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Obituaries for March 2022

1 March 2022 No Comment

L. Adrienne Cupples

Submitted by Boston University School of Public Health Faculty, Staff, Students, and Alumni

    L. Adrienne Cupples—professor of epidemiology and biostatistics and founding chair of the department of biostatistics at Boston University School of Public Health (BU SPH), as well as a beloved teacher, scholar, and colleague—passed away peacefully on January 13, 2022, at her home.

    Adrienne joined the faculty at BU SPH in 1981 and, throughout 40 years, she advanced statistical science, particularly in the area of statistical genetics/genetic epidemiology. She also inspired, taught, and mentored thousands of students and faculty within and outside the school.

    For more than 35 years, Adrienne was a senior statistician on the Framingham Heart Study and coprincipal investigator on the landmark study from 2014–2016. She developed new methods for analysis of longitudinal, correlated, and clustered data and techniques to identify risk factors for cardiovascular and other diseases. Adrienne led the effort to identify genetic risk factors for disease in the Framingham Heart Study, and her collaborations expanded to large, international consortia where she regularly led efforts to move this work forward. In addition to her expertise in statistical genetics, Adrienne was an expert in survival analysis and developed new methods to analyze survival data, particularly with the complexities observed in the Framingham Heart Study. She published more than 650 peer-reviewed papers in her career and moved the field forward in countless areas.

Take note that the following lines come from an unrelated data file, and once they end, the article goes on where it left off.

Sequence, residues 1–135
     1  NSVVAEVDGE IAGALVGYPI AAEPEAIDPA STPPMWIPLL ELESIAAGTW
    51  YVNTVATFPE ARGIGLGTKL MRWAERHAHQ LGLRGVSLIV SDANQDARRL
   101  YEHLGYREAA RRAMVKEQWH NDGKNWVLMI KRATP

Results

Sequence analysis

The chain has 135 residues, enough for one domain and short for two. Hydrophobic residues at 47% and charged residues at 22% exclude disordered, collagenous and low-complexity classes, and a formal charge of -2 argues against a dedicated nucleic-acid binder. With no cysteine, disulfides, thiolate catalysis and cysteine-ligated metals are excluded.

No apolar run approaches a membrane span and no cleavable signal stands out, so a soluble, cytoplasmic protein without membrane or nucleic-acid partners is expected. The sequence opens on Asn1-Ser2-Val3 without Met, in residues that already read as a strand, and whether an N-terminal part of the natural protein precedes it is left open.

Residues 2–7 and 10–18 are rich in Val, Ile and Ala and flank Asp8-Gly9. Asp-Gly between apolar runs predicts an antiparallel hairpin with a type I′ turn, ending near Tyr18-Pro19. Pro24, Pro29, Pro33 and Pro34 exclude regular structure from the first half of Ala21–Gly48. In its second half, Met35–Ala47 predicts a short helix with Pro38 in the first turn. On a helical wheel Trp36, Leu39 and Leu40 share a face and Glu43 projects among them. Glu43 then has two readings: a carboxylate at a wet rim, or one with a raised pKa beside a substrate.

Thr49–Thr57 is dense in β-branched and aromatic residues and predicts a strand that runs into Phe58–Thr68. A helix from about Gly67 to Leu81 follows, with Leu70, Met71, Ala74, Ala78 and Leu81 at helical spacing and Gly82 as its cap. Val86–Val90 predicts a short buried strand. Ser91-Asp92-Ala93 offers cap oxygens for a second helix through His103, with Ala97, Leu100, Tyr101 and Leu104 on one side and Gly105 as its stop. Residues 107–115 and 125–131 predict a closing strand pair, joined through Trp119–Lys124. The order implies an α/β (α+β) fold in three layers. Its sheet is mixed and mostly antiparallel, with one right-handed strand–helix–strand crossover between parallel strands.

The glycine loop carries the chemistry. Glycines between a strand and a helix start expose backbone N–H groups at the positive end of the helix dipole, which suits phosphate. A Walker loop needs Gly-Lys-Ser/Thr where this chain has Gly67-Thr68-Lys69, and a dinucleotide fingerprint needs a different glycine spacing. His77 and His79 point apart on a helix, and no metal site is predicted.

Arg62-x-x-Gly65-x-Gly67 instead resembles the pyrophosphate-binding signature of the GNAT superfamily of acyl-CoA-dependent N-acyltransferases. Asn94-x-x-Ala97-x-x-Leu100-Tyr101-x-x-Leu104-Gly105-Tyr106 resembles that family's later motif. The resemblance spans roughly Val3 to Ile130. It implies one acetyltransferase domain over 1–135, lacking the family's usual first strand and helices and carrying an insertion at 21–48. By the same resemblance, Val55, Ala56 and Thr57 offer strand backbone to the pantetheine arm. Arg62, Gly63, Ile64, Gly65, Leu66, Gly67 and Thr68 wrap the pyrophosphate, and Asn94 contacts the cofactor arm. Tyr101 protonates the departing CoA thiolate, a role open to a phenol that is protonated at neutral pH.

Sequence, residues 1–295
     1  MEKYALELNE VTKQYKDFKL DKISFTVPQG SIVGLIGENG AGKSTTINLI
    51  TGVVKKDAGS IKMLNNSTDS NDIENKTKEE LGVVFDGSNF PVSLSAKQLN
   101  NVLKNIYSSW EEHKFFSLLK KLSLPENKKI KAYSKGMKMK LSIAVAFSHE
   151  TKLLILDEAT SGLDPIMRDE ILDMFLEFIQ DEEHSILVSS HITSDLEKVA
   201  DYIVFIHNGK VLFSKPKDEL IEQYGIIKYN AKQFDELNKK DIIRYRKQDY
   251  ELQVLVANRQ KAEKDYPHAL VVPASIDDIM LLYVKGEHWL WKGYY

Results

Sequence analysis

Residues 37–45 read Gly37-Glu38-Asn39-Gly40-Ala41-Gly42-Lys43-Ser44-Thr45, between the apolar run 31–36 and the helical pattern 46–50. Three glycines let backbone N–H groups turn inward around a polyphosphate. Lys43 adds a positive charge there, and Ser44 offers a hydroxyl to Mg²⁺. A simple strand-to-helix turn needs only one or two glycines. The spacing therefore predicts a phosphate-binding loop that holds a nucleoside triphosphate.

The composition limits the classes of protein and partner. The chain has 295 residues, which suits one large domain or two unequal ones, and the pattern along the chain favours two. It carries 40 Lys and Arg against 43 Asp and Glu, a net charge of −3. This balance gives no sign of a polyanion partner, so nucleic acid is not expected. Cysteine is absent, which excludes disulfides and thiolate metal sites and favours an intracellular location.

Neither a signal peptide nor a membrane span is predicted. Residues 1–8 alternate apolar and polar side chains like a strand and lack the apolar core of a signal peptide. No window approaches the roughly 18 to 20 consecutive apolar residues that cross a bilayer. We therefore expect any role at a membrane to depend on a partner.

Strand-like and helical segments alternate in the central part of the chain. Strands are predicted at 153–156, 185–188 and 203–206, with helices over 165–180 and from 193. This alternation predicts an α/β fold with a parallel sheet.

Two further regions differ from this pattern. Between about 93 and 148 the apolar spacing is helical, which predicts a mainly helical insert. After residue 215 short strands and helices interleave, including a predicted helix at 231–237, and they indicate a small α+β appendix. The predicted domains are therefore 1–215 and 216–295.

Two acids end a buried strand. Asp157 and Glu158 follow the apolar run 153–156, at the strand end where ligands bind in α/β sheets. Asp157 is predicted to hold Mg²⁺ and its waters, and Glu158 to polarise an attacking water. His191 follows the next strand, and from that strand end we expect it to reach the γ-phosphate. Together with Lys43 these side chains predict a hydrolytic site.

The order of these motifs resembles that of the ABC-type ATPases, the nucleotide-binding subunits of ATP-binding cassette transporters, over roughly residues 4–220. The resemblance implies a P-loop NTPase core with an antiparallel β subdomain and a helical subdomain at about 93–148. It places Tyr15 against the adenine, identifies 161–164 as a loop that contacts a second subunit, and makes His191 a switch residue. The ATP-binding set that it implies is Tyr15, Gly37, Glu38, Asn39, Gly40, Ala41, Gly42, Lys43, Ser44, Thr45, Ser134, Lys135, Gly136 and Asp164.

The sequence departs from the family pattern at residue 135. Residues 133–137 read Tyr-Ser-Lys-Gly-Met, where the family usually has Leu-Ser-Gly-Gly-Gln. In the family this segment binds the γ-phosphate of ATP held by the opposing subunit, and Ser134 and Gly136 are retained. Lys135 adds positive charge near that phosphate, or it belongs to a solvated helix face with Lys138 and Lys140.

Adrienne was deeply committed to teaching. She cofounded the PhD program in biostatistics at Boston University in 1989, which celebrated its 30th anniversary in 2019. Many alumni returned to campus for the celebratory event with nothing but heartfelt gratitude and deep respect for her. She developed and taught many courses at BU SPH over the years and was repeatedly recognized for her excellence in teaching. Adrienne always set high expectations, no higher than she would set for herself, and she inspired her students to go above and beyond, which they often did.

    In recognition of her many accomplishments, BU SPH established the L. Adrienne Cupples Award for Excellence in Teaching, Research, and Service in Biostatistics in 2012. Award winners include other giants in the field. Each year, winners have been invited to BU SPH to be recognized and Adrienne would humbly greet them and present the award.

    Those of us fortunate enough to work with Adrienne greatly admired her kindness, compassion, dedication, and sheer brilliance. She ably juggled so many commitments, yet always had time for everyone needing a minute, her advice, or just a friendly word. She was always there for others and will be sorely missed.